NHS patient data upload delayed by two months, says UK
The UK’s decision to set back the start date of a new patient data-sharing scheme by two months has been welcomed by privacy campaigners, who have claimed it was being rushed through without sufficient public scrutiny.
The centralised database of medical records from 55 million people was due to come online on 1 July, but the start date has now been pushed back to 1 September, according to Minister for Public Health, Primary Care & Prevention Jo Churchill.
People can opt out of the scheme by filling in a form and taking it to their GP, but campaigners have complained that this was not communicated effectively and could place an onerous workload on GPs already battling to provide care amid the pandemic.
The General Practice Data for Planning and Research (GPDPR) service was unveiled in May by NHS Digital, which said it would be a big step towards improving health and care through research and planning.
The possibility of data being shared with third-parties including academic researchers and pharmaceutical companies – albeit pseudonymised – has raised concerns about whether the public is aware that they stand to lose control of private information on their physical, mental and sexual health.
One bone of contention for critics of the scheme is that, while patients can opt out ahead of time, once information is uploaded it will not be removed from database. Opting out after the scrape would only prevent the addition of a patient’s health information from that point onwards.
There has been a lot of resistance to the plan, which can be tracked on Twitter using the hashtag #NHSDataGrab.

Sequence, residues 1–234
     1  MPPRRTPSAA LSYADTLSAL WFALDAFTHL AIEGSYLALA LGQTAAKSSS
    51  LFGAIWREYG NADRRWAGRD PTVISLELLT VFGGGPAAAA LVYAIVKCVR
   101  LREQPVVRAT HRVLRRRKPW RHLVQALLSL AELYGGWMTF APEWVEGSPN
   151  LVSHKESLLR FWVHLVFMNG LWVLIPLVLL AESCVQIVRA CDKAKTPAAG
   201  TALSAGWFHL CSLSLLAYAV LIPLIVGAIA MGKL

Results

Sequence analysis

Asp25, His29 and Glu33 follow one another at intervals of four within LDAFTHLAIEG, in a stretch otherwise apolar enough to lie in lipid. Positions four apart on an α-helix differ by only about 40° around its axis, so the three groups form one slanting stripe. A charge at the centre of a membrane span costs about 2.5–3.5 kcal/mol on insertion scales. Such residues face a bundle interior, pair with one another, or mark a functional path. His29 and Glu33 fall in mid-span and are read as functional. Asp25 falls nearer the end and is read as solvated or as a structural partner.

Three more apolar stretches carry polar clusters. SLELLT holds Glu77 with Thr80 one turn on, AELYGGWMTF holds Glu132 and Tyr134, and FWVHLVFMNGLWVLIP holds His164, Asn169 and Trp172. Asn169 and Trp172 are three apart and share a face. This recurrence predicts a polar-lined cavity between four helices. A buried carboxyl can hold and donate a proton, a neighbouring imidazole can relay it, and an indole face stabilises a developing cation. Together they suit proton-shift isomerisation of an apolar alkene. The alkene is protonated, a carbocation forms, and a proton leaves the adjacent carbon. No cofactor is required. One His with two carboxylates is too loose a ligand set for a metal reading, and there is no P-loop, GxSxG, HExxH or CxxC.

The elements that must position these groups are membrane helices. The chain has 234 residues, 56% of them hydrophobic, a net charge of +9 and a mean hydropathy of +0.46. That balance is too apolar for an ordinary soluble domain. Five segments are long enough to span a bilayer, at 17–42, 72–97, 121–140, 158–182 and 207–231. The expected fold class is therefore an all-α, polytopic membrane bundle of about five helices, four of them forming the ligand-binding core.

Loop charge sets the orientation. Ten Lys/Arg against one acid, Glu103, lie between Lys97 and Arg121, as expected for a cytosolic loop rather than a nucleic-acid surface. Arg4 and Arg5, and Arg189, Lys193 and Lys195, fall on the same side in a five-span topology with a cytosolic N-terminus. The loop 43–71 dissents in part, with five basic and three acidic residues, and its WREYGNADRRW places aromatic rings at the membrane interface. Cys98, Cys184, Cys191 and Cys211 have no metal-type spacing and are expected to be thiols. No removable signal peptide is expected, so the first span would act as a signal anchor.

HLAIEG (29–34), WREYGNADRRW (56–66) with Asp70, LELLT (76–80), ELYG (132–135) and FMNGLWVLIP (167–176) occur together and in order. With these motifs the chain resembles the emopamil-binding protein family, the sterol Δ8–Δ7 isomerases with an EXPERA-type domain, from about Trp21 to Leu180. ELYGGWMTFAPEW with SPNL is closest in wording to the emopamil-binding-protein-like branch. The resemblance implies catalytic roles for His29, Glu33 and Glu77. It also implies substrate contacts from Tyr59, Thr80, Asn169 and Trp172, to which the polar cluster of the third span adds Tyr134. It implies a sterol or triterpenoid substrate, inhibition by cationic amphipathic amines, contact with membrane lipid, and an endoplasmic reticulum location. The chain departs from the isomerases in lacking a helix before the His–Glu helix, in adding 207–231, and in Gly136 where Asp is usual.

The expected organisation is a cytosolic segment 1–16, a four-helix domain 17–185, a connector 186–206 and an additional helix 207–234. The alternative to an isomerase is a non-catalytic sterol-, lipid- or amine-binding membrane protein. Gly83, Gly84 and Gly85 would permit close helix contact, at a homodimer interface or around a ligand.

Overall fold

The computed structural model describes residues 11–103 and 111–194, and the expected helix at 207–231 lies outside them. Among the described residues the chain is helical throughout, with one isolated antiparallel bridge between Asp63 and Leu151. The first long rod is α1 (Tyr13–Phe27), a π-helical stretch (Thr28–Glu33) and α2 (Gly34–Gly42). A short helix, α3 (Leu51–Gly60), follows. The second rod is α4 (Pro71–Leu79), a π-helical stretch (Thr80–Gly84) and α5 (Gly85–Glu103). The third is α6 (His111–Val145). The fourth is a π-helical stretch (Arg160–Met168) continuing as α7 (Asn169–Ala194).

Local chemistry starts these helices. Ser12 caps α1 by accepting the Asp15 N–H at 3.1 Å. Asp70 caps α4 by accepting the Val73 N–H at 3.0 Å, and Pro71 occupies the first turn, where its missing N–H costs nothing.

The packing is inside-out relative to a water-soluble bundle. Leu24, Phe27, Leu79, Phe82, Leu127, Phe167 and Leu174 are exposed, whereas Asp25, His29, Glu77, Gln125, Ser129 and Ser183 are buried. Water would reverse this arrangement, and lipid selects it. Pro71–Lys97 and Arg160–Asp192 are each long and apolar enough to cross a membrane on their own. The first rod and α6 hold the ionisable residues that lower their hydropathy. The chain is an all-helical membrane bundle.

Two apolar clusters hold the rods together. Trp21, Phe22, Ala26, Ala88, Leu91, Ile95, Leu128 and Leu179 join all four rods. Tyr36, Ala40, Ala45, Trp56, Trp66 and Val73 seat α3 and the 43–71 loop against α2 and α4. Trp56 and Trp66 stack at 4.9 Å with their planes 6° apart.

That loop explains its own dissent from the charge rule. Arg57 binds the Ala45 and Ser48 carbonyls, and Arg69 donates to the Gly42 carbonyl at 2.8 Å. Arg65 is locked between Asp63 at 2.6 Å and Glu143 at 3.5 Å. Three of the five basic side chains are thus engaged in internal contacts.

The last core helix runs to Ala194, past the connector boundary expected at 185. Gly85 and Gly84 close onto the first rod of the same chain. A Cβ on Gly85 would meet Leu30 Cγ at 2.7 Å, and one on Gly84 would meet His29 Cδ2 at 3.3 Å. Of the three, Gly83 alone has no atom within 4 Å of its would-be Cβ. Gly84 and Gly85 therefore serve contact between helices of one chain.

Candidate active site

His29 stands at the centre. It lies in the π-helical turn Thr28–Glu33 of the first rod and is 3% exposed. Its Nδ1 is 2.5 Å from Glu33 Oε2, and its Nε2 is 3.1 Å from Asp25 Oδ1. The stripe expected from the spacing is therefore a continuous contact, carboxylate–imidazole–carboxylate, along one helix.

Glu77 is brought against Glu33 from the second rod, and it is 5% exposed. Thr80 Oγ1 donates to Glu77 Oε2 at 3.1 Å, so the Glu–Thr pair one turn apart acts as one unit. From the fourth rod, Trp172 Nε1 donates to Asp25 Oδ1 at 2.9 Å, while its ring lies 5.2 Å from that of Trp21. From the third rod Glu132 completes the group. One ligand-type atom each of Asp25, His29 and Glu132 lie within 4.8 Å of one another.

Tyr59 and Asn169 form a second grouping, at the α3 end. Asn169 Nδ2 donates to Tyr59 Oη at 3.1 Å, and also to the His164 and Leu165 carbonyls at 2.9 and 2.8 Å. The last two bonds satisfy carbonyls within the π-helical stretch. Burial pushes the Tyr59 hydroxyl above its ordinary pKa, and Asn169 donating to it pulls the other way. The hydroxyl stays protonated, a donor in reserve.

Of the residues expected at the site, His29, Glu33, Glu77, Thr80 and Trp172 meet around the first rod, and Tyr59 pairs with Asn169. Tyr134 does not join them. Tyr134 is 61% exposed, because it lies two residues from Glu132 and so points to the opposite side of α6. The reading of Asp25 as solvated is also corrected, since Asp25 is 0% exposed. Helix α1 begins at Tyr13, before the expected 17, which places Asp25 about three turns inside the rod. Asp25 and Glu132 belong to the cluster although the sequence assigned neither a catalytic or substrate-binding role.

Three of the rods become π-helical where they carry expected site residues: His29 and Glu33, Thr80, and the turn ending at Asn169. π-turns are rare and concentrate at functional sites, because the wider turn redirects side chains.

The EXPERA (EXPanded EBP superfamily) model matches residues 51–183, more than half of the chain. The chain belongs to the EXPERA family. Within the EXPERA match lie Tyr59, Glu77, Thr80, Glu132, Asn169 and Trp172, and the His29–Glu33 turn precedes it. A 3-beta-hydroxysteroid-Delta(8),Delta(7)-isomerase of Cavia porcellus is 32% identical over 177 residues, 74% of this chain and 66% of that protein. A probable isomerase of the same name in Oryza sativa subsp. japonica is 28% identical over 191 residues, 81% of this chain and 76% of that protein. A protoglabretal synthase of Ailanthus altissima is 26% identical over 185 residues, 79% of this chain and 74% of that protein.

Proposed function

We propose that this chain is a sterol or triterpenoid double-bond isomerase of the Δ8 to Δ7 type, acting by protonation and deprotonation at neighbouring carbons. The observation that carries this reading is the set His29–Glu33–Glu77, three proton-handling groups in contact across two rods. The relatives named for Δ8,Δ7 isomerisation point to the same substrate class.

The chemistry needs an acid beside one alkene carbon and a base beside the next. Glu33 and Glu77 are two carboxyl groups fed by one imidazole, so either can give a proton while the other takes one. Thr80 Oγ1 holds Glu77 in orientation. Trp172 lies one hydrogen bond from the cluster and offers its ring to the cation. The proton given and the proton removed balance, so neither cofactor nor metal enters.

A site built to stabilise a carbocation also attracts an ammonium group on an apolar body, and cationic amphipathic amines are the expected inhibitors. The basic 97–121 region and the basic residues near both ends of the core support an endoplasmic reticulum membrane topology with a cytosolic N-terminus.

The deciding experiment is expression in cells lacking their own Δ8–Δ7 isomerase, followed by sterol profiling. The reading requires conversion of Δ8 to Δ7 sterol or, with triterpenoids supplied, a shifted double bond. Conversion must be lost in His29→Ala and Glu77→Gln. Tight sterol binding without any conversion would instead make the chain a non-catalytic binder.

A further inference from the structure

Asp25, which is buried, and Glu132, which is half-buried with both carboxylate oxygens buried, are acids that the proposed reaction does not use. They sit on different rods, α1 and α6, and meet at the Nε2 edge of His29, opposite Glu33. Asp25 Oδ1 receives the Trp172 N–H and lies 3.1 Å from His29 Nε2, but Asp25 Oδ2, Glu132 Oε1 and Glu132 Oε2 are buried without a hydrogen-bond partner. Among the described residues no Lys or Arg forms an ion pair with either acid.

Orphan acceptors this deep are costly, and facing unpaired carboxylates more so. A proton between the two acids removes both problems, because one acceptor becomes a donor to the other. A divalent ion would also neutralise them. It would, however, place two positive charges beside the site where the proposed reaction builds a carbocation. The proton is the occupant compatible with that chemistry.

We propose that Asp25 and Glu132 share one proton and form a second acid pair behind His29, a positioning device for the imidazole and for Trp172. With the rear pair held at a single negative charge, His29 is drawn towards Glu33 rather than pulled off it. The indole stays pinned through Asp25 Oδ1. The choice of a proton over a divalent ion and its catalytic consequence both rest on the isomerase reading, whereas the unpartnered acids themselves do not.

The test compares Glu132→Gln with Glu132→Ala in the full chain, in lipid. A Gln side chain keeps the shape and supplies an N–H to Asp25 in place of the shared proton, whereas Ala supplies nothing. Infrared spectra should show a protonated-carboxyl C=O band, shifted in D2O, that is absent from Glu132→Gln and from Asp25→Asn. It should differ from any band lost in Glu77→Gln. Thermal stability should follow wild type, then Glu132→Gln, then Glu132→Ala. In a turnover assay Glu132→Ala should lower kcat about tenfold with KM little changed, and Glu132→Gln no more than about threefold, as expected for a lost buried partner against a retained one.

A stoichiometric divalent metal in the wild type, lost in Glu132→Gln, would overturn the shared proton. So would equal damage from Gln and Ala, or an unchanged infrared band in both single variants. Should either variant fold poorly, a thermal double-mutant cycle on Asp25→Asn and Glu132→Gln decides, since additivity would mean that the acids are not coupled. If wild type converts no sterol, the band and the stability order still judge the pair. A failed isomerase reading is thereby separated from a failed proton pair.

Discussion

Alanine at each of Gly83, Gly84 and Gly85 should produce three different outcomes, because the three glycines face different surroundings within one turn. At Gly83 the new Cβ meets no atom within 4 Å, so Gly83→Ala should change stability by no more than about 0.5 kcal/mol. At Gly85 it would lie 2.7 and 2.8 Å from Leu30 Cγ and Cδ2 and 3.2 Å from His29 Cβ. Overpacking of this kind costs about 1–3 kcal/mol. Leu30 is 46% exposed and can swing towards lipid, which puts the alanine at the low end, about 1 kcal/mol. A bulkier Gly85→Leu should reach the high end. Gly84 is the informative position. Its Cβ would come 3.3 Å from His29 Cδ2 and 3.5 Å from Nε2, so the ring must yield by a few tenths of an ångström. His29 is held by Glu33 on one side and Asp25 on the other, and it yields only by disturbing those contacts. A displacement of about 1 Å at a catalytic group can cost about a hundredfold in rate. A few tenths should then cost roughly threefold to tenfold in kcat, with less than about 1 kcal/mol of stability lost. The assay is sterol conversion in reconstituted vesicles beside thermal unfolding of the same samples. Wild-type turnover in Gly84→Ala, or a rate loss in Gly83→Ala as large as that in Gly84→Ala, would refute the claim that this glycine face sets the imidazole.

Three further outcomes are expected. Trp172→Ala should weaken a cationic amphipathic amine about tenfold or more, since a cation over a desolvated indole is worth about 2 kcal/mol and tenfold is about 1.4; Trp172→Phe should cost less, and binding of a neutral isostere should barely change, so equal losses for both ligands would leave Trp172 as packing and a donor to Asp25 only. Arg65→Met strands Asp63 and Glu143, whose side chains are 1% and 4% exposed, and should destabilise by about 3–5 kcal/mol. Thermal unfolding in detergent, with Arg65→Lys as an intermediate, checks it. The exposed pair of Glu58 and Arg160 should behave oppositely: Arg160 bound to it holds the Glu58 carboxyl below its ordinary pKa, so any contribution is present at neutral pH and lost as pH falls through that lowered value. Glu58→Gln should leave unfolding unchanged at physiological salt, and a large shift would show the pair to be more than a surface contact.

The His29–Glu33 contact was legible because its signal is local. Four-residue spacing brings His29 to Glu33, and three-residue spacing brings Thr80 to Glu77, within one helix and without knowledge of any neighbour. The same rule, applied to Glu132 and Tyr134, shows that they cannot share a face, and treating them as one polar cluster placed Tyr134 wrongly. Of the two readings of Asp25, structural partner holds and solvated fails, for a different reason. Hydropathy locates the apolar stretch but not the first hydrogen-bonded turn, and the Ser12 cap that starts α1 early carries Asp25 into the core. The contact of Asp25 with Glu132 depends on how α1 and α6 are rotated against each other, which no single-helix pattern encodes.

Churchill told the House of Commons today that the extra two months would be used to “talk to doctors, patients and charities to strengthen the plan”, and to ensure data is “accessed securely.”
The controversy conjures up the spectre of the government’s last attempt to shake up patient data-sharing – 2013’s Care.data scheme – which suffered from a number of false starts and was eventually shut down in 2016.
In a statement, the government reiterated that the system “provides an opportunity to strengthen the safeguards that protect GP data and provide strong oversight of its use for planning and research of benefit to health and care.”
Commenting on the decision, Nicola Perrin, director of policy and public affairs at the Association of Medical Research Charities (AMRC), said that the programme’s rollout “was being done in a way that undermined trust. And with any use of data, trust is crucial.”
“The use of GP data is vital to help medical research charities to understand more about the causes of disease, develop new treatments and improve care for everyone,” she added.
“This pause to collection is both timely and welcome but must be just that, a pause, so that implementation can go ahead with fewer concerns and more transparency.”
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